Whether Ivy Bridge, Haswell, or AMD APUs, you should find an integrated graphics subsystem adequate for graphics tasks, unless you're a part-time gamer or a CAD user. High-end, discrete graphics processing units are terrific for 3D games, transcoding 1080p video, or watching Blu-ray movies, but like fast processors, they also feast on laptop batteries. Nvidia (Optimus) and Apple (Automatic Graphics Switching) have, and AMD (Enduro) has announced, technologies that stretch battery life by switching seamlessly between integrated and discrete graphics based on application demand.
With the move to ultrabooks, most laptop designs have non-removable batteries that can't be swapped out for a spare. While sealing batteries into the chassis does allow for thinner designs, it removes the possibility of swapping out batteries on the go for longer use between charging. On the other hand, the efficiency gains of Intel's Haswell processors mean that most laptops will last for the better part of a day.
Buying an Extended Warranty
Most laptops are backed by a complimentary one-year warranty on parts and labor. The standard warranty is a limited one, so it won't cover accidents that stem from a spilled drink, a key scraped off by a fingernail, or a drop to a hard surface. Extended warranties are also available.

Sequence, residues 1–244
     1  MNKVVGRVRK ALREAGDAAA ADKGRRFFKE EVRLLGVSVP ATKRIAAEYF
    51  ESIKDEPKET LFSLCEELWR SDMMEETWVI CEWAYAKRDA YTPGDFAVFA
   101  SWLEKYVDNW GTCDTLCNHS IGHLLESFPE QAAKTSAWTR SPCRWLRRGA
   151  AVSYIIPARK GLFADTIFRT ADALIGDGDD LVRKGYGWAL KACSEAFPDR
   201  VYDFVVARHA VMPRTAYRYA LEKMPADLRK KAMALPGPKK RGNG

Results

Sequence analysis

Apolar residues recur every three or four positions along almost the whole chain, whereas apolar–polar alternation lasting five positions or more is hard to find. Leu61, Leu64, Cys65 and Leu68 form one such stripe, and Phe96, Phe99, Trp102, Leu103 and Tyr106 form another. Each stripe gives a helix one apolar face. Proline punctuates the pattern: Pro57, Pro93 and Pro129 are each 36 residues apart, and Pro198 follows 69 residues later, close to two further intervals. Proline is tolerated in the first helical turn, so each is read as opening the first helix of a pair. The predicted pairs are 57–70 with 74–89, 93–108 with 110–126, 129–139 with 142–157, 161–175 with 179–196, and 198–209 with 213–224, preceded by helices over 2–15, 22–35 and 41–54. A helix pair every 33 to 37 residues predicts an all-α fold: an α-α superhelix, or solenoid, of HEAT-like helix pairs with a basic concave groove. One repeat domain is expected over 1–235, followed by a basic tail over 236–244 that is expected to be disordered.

Most laptop manufacturers also sell accidental coverage as a separate plan on top of optional extended warranties, so you might end up spending close to $300 for three years of comprehensive coverage. Apple offers a maximum three-year extended warranty ($250), while most Windows-based laptop manufacturers will offer up to four years.
Our rule of thumb is that if the warranty costs more than 15 percent of the laptop's purchase price, you're better off spending the money on backup drives or backup services that minimize downtime. Of course, you can't put a price tag on peace of mind. There are instances when the logic board or the display—the most expensive pieces of a laptop—fail, and while rare, such a catastrophe can cost you half of what the laptop is worth. Defective components usually break down during the first year; anything after that is usually attributed to wear and tear.
Be sure to check out our picks for the best laptops, as well as the top-rated laptops for business and gaming.
Post from : pcmag.com